Do You Need to End Birthright Citizenship to Solve the Problem of Anchor Babies?

14th Amendment

Having a hard time getting attention to this question:

  • Does the 14th Amendment REALLY grant birthright citizenship to children of ILLEGAL immigrants?

You see, being born in the territory of the United States is not the only requirement the 14th Amendment gives for what we call birthright citizenship.

All persons born or naturalized in the United States, and subject to the jurisdiction thereof, are citizens of the United States and of the State wherein they reside. [Amendment 14, Section 1]

‘…subject to the jurisdiction thereof…’

Being a legal layman, I tend toward literalism.

Personally, I read that clause and immediately think “This pertains to people giving birth who identify their allegiance with the United States.”

In other words, not Ambassadors (or their staff). Not tourists. Certainly not an invading army.

Assuming I’m right…

What about people sneaking into the country illegally and giving birth while visiting?

To me, as a layman, I’ve got to wonder why so many people are trained in constitutional law are failing to distinguish between birthright citizenship and the problem of anchor babies.

I’m assuming it’s because, by their training and experience, they know more than I on the subject.

If so, I really with they’d let me in on it.

Especially…

…since at least one knowledgeable commenter (The Heritage Guide to the Constitution) seems to agree:

Before the adoption of the Fourteenth Amendment, citizens of the states were automatically considered citizens of the United States. In 1857, the Dred Scott v. Sanford decision had held that no black of African descent (even a freed black) could be a citizen of the United States. The Fourteenth Amendment was thus necessary to overturn Dred Scott and to settle the question of the citizenship of the newly freed slaves. The Fourteenth Amendment made United States citizenship primary and state citizenship derivative. The primacy of federal citizenship made it impossible for states to prevent former slaves from becoming United States citizens by withholding state citizenship. States could no longer prevent any black from United States citizenship or from state citizenship either.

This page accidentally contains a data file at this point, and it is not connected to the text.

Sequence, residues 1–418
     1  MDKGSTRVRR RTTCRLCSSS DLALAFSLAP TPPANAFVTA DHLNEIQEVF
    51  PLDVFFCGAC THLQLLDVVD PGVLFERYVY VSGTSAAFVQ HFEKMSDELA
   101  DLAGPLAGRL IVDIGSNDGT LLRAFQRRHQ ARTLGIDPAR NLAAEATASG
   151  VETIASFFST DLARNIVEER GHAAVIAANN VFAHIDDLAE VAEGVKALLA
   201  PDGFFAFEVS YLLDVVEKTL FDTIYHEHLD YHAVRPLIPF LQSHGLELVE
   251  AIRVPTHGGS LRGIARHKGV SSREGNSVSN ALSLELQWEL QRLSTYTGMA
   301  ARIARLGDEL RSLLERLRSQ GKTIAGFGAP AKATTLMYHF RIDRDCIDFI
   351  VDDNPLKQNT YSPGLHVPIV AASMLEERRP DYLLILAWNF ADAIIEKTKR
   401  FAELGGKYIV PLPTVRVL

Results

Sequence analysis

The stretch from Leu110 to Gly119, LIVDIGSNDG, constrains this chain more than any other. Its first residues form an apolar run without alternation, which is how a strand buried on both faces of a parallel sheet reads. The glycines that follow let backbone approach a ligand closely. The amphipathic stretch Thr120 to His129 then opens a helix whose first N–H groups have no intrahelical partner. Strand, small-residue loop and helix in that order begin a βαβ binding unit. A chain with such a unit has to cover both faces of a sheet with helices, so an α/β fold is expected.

The Civil Rights Act of 1866 had previously asserted that “All persons born in the United States and not subject to any foreign power, excluding Indians not taxed, are hereby declared to be citizens of the United States.” The immediate impetus for the Fourteenth Amendment was to constitutionalize and validate the Civil Rights Act because some had questioned whether the Thirteenth Amendment was a sufficient basis for its constitutionality. A constitutional amendment would also have the advantage of preventing a later unfriendly Congress from repealing it.

One conspicuous departure from the language of the Civil Rights Act was the elimination of the phrase “Indians not taxed.” Senator Jacob Howard of Ohio, the author of the Citizenship Clause, defended the new language against the charge that it would make Indians citizens of the United States. Howard assured skeptics that “Indians born within the limits of the United States, and who maintain their tribal relations, are not, in the sense of this amendment, born subject to the jurisdiction of the United States.” Senator Lyman Trumbull, Chairman of the Senate Judiciary Committee, supported Howard, contending that “subject to the jurisdiction thereof” meant “not owing allegiance to anybody else…subject to the complete jurisdiction of the United States.” Indians, he concluded, were not “subject to the jurisdiction” of the United States because they owed allegiance—even if only partial allegiance—to their tribes. Thus, two requirements were set for United States citizenship: born or naturalized in the United States and subject to its jurisdiction.

By itself, birth within the territorial limits of the United States, as the case of the Indians indicated, did not make one automatically “subject to the jurisdiction” of the United States. And “jurisdiction” did not mean simply subject to the laws of the United States or subject to the jurisdiction of its courts. Rather, “jurisdiction” meant exclusive “allegiance” to the United States. Not all who were subject to the laws owed allegiance to the United States. As Senator Howard remarked, the requirement of “jurisdiction,” understood in the sense of “allegiance,” “will not, of course, include persons born in the United States who are foreigners, aliens, who belong to the families of ambassadors or foreign ministers accredited to the Government of the United States.”

I just had a conservative attorney say this in response to my question: “Yes, I know and understand the wrong arguments. They are wrong.”

But he didn’t tell me how they are wrong, or how such an argument has fared in the Courts.

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